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Monday Morning MD

A look at the medical implications of placing a team in London. Dr. David Chao

Print This October 28, 2013, 11:29 AM EST

Last week’s plethora of significant injuries to marquee players was avoided this week. Thankfully, this Sunday was more typical with fewer injuries.

Before we get to the rundown, let’s take a look at the potential medical related issues involving travel with London games. With the second London game of season played on Sunday, the announcement of three London games for 2014 and talk of placing a permanent NFL team in London, it makes sense to take a quick look.

The travel time may be longer, but is there really a big difference between Seattle to Miami (2,734 miles) and New England to London (3,281miles)? These two trips are only a slight headwind away from having the same flight time. Certainly, it is significantly longer for west coast teams, but there are ways to mitigate that.

Currently, all teams playing in London get a bye week immediately following the game to recuperate. In addition, west coast teams get to play on the east coast the week before, allowing the opportunity to fly straight to England for the London game. One big worry is the swelling and increased recovery time from a long flight. Typically, teams fly home right after a game. For London games, however, teams fly home the next morning, allowing time to ice, treat and prevent early swelling. These accommodations are why the NFL feels it is worthwhile and feasible to expand to three games. Games in London are certainly less of a medical concern than Thursday Night games on a short week (but that is for another article).

The bigger issue comes into play if a team is placed in London. The home field advantage might be six points instead of three. The travel disadvantage for a London team would be equaled out by the bigger home field advantage. Having accompanied an NFL team to London, the bigger issues are non-travel related. Different culture, housing, foods, medical systems, socialization, taxes, distance from family, etc., are the more pressing concerns. It would require a lot of forethought and planning, but medically, it would be feasible. The trick is to convince the players.

At least one player told me after playing in London, “Never again.”

MMMD 1: The Philadelphia quarterback carousel continues

Starter Michael Vick injured his left hamstring three weeks ago and backup Nick Foles played until he suffered a concussion last Sunday. Because Vick wasn’t ready, rookie Matt Barkley finished Philly’s Week 7 loss to the Cowboys. Foles was not cleared this week and Vick stepped up to start. Vick said he felt a pop (just like the first time) in the first quarter and exited again, which meant the Eagles had to turn back to Barkley, who was ineffective.

Michael VickICONVick reinjured his hamstring and had to exit Sunday's loss to New York.

Regardless of the MRI results, Vick is extremely unlikely to be able to go in Week 9. This is a re-aggravation of the same left hamstring injury. The first recovery attempt took three weeks, which doesn’t bode well for this time being a one week injury. Besides, with Vick’s type of game, he needs to be mobile. Even if the MRI returns favorable results, how can the Eagles (and Vick) trust that the hamstring will hold up again in just one week’s time?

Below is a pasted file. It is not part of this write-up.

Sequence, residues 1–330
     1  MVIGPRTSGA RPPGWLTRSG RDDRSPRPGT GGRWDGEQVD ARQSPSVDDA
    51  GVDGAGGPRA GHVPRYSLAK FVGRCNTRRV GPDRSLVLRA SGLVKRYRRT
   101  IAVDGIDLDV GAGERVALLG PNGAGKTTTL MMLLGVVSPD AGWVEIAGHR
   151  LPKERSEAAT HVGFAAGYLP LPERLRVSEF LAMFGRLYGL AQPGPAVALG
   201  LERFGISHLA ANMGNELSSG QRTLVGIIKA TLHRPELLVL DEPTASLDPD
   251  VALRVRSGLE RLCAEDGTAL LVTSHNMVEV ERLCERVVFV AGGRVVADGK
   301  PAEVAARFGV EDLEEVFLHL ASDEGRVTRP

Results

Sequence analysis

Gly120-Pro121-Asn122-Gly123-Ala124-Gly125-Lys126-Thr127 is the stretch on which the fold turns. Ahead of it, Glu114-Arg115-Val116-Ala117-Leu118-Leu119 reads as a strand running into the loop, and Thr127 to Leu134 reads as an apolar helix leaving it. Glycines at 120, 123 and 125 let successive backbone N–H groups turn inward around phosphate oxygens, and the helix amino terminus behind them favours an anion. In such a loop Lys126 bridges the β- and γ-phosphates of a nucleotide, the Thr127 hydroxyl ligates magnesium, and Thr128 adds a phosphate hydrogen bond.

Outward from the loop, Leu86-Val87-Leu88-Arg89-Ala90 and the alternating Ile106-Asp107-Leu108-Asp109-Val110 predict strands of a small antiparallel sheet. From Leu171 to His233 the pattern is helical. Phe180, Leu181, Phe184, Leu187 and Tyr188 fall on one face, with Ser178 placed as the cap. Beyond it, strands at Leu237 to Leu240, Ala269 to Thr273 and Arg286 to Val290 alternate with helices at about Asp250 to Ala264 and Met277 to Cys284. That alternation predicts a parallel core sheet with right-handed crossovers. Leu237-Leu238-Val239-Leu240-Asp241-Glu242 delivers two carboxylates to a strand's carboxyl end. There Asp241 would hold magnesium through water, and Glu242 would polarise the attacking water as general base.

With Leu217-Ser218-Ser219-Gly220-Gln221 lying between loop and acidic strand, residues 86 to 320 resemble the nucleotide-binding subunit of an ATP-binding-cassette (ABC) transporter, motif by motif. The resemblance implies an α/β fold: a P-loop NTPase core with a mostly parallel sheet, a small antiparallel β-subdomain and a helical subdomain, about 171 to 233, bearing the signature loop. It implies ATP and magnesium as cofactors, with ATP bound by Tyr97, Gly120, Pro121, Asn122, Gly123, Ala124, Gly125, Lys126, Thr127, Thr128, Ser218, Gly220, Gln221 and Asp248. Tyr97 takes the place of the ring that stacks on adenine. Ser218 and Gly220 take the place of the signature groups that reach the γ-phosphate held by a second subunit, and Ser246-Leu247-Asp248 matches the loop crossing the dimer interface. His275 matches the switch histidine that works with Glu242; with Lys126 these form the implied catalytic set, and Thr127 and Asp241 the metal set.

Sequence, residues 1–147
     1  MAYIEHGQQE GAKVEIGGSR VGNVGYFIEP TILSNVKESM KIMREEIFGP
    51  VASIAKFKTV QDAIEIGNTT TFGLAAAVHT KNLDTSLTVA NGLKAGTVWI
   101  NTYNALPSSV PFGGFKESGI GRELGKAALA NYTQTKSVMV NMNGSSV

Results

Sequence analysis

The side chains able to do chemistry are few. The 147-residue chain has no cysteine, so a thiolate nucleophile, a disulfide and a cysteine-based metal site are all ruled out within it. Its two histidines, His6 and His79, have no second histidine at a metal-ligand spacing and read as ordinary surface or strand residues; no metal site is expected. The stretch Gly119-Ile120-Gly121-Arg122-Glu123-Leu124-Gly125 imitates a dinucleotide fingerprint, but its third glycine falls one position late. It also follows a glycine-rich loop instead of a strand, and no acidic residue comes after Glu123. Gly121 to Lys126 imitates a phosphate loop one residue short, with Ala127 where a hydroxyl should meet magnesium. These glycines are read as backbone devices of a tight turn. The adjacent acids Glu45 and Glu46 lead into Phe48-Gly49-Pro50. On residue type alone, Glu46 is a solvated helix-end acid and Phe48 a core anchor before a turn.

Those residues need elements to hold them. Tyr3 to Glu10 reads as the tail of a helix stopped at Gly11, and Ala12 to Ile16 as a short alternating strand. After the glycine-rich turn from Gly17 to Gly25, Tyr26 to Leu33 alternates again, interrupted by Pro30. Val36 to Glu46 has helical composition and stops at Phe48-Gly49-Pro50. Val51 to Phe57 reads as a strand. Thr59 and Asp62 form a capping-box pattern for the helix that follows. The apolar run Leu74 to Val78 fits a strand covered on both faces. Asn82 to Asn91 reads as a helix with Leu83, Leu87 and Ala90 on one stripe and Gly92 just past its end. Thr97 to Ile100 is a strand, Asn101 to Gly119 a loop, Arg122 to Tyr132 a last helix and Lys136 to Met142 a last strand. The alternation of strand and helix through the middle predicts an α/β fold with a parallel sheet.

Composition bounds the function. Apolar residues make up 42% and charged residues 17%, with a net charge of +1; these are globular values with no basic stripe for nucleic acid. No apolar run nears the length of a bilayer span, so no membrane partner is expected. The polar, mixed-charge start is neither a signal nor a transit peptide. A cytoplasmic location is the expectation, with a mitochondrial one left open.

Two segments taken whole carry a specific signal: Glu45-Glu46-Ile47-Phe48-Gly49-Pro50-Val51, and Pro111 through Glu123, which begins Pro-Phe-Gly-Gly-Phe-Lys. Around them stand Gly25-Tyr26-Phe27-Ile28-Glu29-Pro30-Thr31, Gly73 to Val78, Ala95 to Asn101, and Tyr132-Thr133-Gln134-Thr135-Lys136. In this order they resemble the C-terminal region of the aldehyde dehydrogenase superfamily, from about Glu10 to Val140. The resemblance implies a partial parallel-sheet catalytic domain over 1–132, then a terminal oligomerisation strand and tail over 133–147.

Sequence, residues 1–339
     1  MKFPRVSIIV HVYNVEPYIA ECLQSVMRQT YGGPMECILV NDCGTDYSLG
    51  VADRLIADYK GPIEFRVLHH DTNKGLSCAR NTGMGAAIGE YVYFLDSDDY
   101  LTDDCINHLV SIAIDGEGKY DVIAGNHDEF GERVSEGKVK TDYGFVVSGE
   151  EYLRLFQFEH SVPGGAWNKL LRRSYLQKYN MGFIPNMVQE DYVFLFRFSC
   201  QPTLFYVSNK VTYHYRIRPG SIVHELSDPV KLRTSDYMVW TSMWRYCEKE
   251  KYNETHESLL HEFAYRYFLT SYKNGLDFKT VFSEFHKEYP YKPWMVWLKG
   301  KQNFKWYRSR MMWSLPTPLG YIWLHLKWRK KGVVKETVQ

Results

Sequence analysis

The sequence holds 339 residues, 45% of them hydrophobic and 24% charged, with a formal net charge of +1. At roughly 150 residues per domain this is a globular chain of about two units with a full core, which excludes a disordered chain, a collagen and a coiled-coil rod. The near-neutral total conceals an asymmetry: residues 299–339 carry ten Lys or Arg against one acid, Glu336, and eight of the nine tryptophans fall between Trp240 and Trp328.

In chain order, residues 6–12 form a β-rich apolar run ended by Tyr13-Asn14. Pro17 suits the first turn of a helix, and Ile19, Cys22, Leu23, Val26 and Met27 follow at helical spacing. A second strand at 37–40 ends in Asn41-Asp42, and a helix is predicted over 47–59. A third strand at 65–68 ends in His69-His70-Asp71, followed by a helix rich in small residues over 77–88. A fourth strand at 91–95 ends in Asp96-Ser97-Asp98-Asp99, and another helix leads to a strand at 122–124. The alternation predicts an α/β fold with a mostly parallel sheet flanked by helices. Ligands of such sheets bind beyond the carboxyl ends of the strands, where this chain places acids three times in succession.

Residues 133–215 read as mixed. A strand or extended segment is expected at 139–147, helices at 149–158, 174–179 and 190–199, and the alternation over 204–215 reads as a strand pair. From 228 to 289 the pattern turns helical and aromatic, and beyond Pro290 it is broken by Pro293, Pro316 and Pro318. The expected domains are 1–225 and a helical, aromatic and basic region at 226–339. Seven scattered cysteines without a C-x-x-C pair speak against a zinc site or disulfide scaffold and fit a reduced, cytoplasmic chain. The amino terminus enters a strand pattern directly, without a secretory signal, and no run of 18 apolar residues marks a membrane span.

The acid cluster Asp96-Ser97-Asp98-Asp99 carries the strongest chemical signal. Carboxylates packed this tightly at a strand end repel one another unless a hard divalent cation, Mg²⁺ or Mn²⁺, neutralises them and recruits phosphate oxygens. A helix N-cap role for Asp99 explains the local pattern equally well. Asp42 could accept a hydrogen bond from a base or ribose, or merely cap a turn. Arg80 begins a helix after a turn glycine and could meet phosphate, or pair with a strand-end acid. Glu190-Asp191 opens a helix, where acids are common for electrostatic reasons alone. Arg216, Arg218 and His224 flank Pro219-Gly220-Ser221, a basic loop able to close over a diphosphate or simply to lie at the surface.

In any case, Foles should be available for this Sunday’s showdown with Oakland. Per protocol, the second-year signal-caller will need final clearance from an independent neurologist. This shouldn’t be an issue since Foles has already sat for one full week.

MMMD 2: Jimmy Graham sits out for two weeks, but still comes up big in his return

A lot of speculation was generated regarding the reinjured foot of the Saints tight end extraordinaire. Graham had the entire bye week to rest and still wasn’t ready to practice the following week. Fortunately, he had an injury that was amenable to injection.

Jay Glazer reported Sunday morning that Graham had a partially torn plantar fascia. The plantar fascia is essentially the arch of the bottom of the foot. It is a very painful and slow healing condition that prevents the ability to plant or push off. This injury is not a dangerous one to play through, but it certainly is a painful one. Plantar fasciitis can become chronic, but the most reliable way to get the injury to heal (besides rest, meds, treatment, taping) is to let it tear all the way. The surgery to cure plantar fasciitis is to cut or release it and that is precisely what tearing it would do.

In the NFL, it is not uncommon to inject the plantar fascia to relieve symptoms. In bad cases, one hopes for a tear after injection to provide more reliable recovery. It might be that Graham took a painful shot in order to play and score his two touchdowns. Of course, this is just conjecture, but it wouldn’t be the first time this has happened and it would certainly explain how Graham missed two weeks of practice, but was able to play against Buffalo on Sunday.